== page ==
How do I keep earwigs out of

How do I keep earwigs out of my dahlias?

Hi, Teri: Earwigs love

Hi, Teri: Earwigs love moisture. Do a test. Take 3 plastic butter or deli tubs and bury them top-edge-deep in three different places. Put a half inch of water in each. Put a couple tablespoons of vegetable oil in the first, of soy sauce in the second, and of molasses in the third. See which trap catches the most for three nights (rotate their positions twice), then convert all to that method. If you have problems with critters or pets, put the lids on the containers with a slot cut in them for the earwigs to crawl through. Or: Roll up newspapers, put a rubber band around them, wet them thoroughly (i.e., soak), and set them in your bed. Well, flower bed, we mean. In the morning, lift them up quickly and totally immerse them in a bucket of hot, soapy water. Don't succumb to curiosity and inspect them or try to count earwigs or see if anybody's home. Just lift and dunk. Lift and dunk. Bye, bye, wiggies.

Earwigs eating dahlias

I am so glad to hear that there maybe relief in sight to get rid of these pesky "bugs". They have eaten almost all the leaves on dahlias and they are looking pretty bad. I'm going to try these three to see which one is the best. Thanks so much.

I sprinkle Diatomaceous Earth

I sprinkle Diatomaceous Earth around my plants & yard. This also works well against Fleas. It can be purchased in the pool center of your home improvement store.

Diatomaceous earth works

Diatomaceous earth works wonders; a good natural defense against unwanted insects! However, it is best to use a food-grade quality, ensuring no harm will come to any animal it comes in contact with (other than the bugs it will destroy, of course). The kind used in pools does not meet this standard. I buy mine in a 40lbs sack at my local feed store. Remember, it is no longer effective once moisture hits it, so you must reapply often.

I am so happy to read about

I am so happy to read about others using Diatomaceous earth for earwigs. I have food grade DE that I am using for my garden and was curious if it worked well for these buggers. Thanks all you DE users :)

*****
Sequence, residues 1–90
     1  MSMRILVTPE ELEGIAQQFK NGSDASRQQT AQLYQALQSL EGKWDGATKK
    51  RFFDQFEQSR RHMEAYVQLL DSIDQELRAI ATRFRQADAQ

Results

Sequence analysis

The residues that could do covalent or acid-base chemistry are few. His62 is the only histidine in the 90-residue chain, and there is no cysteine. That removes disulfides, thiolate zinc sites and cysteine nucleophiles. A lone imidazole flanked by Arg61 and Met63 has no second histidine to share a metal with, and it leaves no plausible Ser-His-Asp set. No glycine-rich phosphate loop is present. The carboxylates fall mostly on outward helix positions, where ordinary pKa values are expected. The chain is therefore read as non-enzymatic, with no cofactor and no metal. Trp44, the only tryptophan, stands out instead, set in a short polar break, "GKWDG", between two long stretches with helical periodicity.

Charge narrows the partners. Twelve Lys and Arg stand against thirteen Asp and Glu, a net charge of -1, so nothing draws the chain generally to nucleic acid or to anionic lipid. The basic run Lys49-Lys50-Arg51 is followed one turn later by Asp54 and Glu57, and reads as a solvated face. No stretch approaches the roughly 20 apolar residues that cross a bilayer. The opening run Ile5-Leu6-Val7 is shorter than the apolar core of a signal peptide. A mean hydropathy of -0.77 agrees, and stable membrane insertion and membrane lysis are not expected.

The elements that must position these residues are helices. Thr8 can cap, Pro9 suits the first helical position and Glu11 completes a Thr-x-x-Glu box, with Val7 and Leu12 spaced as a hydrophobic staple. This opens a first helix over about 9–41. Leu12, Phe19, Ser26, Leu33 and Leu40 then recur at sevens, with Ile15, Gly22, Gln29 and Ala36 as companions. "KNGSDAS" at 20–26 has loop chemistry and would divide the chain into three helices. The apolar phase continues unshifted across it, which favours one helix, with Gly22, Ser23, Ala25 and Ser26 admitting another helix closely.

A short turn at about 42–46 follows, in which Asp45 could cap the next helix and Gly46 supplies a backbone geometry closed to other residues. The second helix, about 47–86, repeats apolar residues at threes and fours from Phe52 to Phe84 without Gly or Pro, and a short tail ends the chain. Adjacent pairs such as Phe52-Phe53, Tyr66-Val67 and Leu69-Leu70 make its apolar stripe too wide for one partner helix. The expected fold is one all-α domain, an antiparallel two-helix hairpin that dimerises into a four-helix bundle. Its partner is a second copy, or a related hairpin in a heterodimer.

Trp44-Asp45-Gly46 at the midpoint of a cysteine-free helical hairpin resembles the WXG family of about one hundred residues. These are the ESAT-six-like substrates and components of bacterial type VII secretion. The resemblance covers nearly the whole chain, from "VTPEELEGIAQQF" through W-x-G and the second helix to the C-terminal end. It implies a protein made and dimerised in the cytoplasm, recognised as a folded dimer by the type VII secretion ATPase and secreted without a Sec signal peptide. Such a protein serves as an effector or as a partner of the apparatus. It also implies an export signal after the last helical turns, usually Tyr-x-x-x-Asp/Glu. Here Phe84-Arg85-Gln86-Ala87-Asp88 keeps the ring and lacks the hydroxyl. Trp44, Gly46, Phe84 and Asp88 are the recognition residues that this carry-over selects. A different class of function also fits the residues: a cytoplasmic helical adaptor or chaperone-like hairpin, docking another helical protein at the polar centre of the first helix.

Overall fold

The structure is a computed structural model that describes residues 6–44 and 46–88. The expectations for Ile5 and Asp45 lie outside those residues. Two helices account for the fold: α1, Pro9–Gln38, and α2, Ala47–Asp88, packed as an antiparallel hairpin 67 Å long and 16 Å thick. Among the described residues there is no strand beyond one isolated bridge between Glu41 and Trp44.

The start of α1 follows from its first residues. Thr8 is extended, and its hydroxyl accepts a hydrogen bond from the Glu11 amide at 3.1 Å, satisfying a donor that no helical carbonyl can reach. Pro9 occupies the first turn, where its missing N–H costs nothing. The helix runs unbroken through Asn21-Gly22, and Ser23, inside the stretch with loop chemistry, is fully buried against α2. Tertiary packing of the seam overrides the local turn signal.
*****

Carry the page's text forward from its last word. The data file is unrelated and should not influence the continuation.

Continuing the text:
Earwigs have invaded our

Earwigs have invaded our grill by the hundreds. How can I get rid of them? Its very disturbing to see them crawl all over the hood and grates when its heating up. Actually they can withstand quite a bit of heat!! :)

Earwigs like moist dark

Earwigs like moist dark places, so you want to keep surrounding areas sunny and dry and open, including the grill!
For a DIY method, clean out a tuna or cat food can and fill it nearly to the top with water. Add a tablespoon of vegetable oil. Place the can in an earwig-infested area near the grill. If you have lots of the pests, place several cans in the area. When the bugs come out in the evening, they will crawl into the cans for a swim, but the vegetable oil will prevent them from getting out.
The best way to get rid of earwigs is to trap them. Here's a good link that explains how to do it: http://www.ipm.ucdavis.edu/PMG....

Don't be so kind to earwigs.

Don't be so kind to earwigs. They will exfoliate the whole plant. A horrible import from overseas, the only thing that will partially eradicate them from temperate climes is a very cold winter which kills most of them. I spray my marigolds every two days with neem oil or I'll have no marigolds left.

Another great way of getting

Another great way of getting rid of earwigs that I learned from http://www.domyownpestcontrol.... is attracting birds onto your property. They take a liking to earwigs so have them solve your problem for you. To welcome birds near and around your garden, one simply needs to place bird baths or bird feeders in the vicinity and let them come!

Does this truly work?

I'm quite worried about my vegetable-garden-to-be. I've been tilling the soil and have found all sorts of earwigs. I've been told they like to eat through all the vegetables. I love birds though... well most birds. I just don't want all the effort to be wasted.

And the question is…what to

And the question is…what to do? Read the responses above, esp the one from the Almanac staff about the tuna can as a deterent. If you have that many earwigs (as many as you imply) you may also have poor soil, soil that holds too much moisture (see above; they like dampness). Search this site for advice on soil and improve your with compost and other additives suited for the proper pH for the plants you plan to grow. 

If you don’t do this, you may wish you did in six—or fewer—months. Why go to the trouble to plant if the site is not suitably prepared?

Good luck!


earwig traps

empty baby food jars work great. Fill them half full with water and add a spoonful of cooking oil on top. set them out where the wigs like to hang about and overnight you'll get a couple dozen or maybe even a couple hundred.